It only took a few months in office for Diego Morales to expose a need for reform in state law, yet the revelation has nothing to do with elections.
Indiana’s newest secretary of state hired his brother-in-law as co-director of the agency’s Auto Dealer Services division. The post pays a cool $108,000 annually.
While Morales’ brother-in-law, Shawn Grady, has experience in auto sales at a Southern Indiana car dealership, such a hire screams nepotism. Unfortunately, Indiana’s laws don’t address the situation.
Most close familial connections are covered under the state’s nepotism policy, but the rules do not include brothers-in-law or sisters-in-law.
That needs to change.
Regardless of how qualified a relative might be for a position, an office-holder shouldn’t be allowed to hire a family member. Doing so brings into question matters of fairness, performance and compensation.
Will the boss treat the person he’s going to see at the holiday family get-together the same as an employee he or she might encounter only in the workplace? Will the boss’s evaluation of his family member/employee be swayed by the family relationship? Can the public truly believe that an employee’s qualifications trumped other candidates for the job if the person hired for a position is related to the employer?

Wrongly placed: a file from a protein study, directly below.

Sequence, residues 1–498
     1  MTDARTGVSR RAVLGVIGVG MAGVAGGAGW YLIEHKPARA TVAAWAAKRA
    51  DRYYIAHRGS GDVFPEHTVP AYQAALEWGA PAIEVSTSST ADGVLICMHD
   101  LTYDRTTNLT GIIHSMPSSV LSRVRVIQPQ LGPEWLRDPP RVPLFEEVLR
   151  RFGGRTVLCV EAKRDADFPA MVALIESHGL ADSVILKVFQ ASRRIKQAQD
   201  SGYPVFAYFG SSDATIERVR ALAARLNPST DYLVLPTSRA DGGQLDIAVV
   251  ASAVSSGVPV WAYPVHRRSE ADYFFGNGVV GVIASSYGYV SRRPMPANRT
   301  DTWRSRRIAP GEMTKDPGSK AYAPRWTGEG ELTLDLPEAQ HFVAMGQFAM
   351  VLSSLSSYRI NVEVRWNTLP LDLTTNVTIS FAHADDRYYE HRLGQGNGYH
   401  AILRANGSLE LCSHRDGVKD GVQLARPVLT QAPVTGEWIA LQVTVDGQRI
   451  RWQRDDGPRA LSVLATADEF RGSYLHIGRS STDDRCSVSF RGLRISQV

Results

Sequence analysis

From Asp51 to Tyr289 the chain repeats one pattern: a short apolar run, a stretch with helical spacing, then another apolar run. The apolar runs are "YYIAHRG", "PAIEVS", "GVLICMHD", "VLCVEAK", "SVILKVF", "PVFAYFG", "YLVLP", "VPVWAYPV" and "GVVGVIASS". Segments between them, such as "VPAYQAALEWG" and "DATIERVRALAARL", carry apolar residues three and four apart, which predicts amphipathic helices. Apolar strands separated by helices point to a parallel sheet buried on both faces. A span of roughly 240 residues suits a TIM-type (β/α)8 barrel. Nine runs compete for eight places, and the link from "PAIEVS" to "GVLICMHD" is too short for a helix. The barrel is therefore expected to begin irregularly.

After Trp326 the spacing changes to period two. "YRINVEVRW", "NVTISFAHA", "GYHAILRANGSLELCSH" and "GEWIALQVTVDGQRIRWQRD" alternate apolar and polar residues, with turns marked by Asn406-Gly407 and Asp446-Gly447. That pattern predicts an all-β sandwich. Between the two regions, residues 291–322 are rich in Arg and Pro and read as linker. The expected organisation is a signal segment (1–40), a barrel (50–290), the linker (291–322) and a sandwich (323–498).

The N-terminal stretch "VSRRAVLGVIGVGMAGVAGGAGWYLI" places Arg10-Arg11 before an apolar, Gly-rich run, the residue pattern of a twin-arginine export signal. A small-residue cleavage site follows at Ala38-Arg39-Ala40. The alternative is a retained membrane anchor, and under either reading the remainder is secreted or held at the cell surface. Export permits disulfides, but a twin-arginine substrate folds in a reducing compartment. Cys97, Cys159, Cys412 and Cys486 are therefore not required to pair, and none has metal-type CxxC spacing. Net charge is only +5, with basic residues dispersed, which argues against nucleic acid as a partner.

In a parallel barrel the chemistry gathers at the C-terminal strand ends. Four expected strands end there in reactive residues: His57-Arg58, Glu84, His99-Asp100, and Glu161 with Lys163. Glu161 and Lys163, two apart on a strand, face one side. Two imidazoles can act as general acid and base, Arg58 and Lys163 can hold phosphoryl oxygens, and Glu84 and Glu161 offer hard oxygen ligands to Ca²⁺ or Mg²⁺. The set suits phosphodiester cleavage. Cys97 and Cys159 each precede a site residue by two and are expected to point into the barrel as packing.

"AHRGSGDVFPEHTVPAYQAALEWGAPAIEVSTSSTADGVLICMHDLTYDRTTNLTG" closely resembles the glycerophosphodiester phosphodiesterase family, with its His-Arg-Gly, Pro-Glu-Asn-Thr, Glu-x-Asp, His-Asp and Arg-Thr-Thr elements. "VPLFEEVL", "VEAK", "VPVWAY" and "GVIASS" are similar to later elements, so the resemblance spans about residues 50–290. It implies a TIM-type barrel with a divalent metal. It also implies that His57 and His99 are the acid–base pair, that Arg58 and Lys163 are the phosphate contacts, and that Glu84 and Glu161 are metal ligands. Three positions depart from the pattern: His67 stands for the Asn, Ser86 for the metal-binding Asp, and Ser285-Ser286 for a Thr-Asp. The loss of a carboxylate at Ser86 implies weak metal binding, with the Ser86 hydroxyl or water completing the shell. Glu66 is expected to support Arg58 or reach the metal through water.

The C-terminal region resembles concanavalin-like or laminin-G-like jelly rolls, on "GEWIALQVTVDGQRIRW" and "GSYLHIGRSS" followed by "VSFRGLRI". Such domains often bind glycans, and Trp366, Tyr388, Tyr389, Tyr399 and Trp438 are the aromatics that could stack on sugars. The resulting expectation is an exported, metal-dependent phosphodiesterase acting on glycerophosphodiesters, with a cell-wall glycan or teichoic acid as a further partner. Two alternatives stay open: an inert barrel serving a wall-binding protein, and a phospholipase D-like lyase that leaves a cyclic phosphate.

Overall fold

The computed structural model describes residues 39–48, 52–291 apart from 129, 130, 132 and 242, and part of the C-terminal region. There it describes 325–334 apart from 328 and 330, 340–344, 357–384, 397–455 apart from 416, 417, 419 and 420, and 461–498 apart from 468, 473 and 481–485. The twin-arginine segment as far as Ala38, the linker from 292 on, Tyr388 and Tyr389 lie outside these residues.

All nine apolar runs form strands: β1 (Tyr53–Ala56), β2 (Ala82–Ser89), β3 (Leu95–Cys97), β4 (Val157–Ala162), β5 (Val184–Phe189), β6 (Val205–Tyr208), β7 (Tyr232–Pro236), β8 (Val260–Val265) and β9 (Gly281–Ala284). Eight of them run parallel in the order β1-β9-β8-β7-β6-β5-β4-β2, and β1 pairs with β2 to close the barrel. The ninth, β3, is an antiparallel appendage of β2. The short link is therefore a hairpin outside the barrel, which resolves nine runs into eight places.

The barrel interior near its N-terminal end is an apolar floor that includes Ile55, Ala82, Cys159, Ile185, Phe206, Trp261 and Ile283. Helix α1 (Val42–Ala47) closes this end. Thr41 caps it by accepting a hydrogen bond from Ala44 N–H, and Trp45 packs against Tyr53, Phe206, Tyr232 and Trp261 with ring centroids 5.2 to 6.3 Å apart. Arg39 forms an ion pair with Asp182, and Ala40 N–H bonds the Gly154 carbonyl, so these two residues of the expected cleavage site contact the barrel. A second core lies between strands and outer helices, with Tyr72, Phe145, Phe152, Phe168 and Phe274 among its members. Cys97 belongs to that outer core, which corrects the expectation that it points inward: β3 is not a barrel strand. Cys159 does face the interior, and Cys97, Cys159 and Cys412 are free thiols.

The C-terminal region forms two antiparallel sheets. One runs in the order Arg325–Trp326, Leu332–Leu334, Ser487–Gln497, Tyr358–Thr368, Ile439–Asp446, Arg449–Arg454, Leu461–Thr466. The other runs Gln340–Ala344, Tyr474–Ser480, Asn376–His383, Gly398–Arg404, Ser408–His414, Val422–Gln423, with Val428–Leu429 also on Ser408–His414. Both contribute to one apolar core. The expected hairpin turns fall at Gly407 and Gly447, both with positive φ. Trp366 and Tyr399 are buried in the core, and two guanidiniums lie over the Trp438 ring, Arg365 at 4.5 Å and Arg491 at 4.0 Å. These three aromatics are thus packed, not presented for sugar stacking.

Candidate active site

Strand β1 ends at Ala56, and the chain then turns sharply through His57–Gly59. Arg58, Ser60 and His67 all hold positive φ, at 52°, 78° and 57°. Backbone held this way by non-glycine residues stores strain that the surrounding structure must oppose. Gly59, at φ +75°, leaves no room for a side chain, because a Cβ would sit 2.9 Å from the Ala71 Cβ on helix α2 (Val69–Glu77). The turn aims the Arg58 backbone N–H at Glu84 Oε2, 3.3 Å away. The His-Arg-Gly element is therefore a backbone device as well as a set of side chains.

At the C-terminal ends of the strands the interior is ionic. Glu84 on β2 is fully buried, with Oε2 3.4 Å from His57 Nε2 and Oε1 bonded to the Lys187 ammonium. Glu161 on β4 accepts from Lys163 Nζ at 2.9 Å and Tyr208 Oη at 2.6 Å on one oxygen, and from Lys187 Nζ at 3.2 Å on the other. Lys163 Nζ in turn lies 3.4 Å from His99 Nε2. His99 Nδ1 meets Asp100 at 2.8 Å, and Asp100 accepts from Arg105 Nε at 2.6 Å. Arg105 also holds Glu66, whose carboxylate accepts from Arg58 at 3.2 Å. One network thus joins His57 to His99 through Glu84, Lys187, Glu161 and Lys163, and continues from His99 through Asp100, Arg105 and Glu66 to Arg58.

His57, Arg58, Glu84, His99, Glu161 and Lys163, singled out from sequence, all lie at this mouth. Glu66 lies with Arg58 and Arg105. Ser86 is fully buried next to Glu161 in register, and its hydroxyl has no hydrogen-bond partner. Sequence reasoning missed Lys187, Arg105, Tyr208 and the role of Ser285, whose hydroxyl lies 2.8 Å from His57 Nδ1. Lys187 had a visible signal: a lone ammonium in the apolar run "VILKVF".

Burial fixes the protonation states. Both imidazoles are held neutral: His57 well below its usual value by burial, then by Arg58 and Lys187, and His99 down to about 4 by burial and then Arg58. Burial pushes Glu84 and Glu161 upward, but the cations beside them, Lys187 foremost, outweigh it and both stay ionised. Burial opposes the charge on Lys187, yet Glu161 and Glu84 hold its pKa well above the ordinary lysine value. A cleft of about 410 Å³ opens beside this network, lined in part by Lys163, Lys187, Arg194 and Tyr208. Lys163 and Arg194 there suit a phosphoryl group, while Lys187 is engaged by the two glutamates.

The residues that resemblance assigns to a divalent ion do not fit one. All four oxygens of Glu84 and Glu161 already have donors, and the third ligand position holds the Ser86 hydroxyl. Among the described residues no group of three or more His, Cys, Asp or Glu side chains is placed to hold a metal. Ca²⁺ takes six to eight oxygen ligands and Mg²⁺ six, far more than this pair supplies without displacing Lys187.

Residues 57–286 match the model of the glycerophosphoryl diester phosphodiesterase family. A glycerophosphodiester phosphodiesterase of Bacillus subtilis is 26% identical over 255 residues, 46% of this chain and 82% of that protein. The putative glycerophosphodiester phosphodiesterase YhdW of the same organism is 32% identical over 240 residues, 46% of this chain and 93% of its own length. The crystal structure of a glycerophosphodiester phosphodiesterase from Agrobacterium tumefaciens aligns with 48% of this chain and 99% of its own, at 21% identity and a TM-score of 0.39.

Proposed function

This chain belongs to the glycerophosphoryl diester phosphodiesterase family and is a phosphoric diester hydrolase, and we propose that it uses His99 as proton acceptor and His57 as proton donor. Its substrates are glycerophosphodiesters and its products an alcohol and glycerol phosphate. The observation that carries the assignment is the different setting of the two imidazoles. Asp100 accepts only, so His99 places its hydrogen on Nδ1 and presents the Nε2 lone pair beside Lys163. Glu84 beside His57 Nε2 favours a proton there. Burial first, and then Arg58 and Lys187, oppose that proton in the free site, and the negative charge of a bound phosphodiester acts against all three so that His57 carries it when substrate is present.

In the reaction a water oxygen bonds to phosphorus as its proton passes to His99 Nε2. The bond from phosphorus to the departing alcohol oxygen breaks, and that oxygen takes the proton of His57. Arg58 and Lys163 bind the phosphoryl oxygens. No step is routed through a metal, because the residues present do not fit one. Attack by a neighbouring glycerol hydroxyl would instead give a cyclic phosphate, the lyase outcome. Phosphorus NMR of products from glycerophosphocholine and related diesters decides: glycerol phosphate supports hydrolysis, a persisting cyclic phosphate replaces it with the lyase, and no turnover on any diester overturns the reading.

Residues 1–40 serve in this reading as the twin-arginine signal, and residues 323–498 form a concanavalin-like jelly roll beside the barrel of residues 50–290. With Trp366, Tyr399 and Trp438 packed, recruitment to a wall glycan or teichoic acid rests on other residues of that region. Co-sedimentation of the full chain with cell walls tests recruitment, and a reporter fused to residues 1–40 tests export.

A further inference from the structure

What about pay? Will a family member/employee be paid equally to an unrelated colleague? While reportedly in our secretary of state’s case, the pay rate is the same, who will be responsible for monitoring each situation to ensure fairness?
At the state and local levels, Indiana’s nepotism restrictions are too lax. Government isn’t the family business. It’s not a private venture.
Hires should be above reproach so that the public can trust that office-holders are bringing the best and brightest on board. When an elected official hires a family member, the public has good reason to doubt the decision.
These loopholes should be closed by state lawmakers. It’s unfortunate that those we trust to govern and lead us even need such rules to be put into place, but Morales gives us an example of why such laws are needed.
Jeffersonville News and Tribune
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